A lot of this new work has been made or conceived by the idea of escape...This past June I found a great spot in Costa Rica. I Airbnb'd a little spot 100 meters off the coast and made my little beach shanty Studio. For the next 30 days I was drawing everyday at the beach 8-12 hours with a few dips in the ocean.
Jessy Randall, 46, has had diagram poems, poetry comics, and other things in "Poetry," "Story," and "The Best Experimental Writing 2015"; Briget Heidmous, 27, is a multi-media visual artist exploring the principles of ecology employing scale as illusion. Her work has been in solo exhibitions at the Manitou Art Center and The Machine Shop, where she was artist in residence in 2014.
The idea of being a reporter seemed absurd, and leaving the cozy little room with the Haddlesomes not particularly unappealing. I was about to say so when Mr. Mochrai spoke again. “Just don’t come blatting to me, when you cock-up,” he said and then shuddered. “And I’m not going to hold your hand, for every story about rosebuds and feminine protection and breast feeding or what have you, so I’ll thank you for not asking.”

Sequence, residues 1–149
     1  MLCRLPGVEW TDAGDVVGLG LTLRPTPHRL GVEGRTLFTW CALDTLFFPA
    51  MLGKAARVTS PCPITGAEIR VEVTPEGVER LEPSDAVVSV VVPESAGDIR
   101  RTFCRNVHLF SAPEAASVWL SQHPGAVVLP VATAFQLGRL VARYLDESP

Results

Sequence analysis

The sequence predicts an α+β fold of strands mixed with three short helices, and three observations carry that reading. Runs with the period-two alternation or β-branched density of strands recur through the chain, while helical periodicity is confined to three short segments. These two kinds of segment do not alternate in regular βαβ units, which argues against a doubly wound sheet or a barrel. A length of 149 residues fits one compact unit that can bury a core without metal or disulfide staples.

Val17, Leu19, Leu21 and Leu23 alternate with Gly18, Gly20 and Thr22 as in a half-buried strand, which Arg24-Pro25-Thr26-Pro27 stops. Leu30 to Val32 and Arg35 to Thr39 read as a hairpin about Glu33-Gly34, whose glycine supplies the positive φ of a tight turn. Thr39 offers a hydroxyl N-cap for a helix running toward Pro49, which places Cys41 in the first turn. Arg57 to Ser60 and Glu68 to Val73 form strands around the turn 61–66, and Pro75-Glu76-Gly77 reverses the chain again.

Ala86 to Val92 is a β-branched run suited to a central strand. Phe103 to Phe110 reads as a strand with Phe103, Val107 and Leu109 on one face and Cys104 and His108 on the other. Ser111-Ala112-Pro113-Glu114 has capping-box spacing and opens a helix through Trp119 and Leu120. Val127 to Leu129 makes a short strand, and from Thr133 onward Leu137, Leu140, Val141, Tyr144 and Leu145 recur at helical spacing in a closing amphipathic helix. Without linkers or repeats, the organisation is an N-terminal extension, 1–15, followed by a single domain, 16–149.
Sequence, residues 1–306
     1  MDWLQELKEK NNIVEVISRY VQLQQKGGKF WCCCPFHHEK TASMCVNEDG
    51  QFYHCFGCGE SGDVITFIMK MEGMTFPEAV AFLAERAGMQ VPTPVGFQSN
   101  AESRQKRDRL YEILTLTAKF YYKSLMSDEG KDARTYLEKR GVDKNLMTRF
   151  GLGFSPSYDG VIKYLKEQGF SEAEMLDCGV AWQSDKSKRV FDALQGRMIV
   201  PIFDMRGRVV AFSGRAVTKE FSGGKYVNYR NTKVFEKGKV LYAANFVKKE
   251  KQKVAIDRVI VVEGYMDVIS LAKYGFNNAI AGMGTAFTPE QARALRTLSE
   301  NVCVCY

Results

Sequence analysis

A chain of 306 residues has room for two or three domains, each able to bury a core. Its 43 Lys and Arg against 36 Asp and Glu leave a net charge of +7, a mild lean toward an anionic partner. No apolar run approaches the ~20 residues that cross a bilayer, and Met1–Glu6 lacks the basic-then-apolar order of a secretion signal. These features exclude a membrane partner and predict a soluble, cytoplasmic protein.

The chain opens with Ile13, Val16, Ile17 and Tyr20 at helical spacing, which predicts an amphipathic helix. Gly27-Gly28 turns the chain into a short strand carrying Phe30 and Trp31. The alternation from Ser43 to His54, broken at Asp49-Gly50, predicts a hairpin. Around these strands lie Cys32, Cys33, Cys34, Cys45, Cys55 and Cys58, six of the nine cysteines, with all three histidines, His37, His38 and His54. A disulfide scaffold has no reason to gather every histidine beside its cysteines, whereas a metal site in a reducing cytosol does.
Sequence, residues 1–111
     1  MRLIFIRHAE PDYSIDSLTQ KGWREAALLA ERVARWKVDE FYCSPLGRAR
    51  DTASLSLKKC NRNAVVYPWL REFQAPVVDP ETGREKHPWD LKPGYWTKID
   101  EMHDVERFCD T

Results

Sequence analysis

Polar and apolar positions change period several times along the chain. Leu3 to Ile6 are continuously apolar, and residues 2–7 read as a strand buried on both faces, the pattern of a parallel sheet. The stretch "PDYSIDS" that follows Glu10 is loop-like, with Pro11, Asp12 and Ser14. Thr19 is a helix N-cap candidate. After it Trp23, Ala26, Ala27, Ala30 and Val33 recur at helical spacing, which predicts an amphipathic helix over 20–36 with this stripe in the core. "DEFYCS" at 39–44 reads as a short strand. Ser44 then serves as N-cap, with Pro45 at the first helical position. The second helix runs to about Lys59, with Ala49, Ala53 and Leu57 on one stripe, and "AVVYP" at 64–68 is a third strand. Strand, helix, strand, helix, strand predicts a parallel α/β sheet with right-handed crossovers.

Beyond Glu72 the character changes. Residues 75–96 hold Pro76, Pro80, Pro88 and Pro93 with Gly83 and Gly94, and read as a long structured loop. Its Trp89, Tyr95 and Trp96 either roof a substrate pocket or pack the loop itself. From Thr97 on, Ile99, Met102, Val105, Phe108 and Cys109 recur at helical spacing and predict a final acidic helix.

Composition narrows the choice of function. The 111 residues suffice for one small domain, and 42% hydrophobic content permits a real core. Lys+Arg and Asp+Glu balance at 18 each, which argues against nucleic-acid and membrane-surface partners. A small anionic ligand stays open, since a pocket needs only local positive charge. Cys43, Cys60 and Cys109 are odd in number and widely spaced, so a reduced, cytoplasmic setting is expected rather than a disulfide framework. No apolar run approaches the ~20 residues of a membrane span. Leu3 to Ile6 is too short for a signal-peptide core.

All the essays in this column (including the one you’re reading now) began, in my mind, as “book reviews.” Eventually, I came to think of them as “book-inspired essays.” In moments of honesty, though, I’ve called them “personal essays disguised as book reviews.” I view myself as a husband and father, a physician, and a writer, in that order; therefore, not surprisingly, these essays almost exclusively focus on my marriage, my children, my doctoring, and my struggles with the written word. I mean these essays as the highest compliment to the writers whose books inspired each piece. Again, borrowing from David Shields in defense of his own self-obsessed book reviews: “There’s always an implied love story between me and the writer – me loving the book, loving the writer.”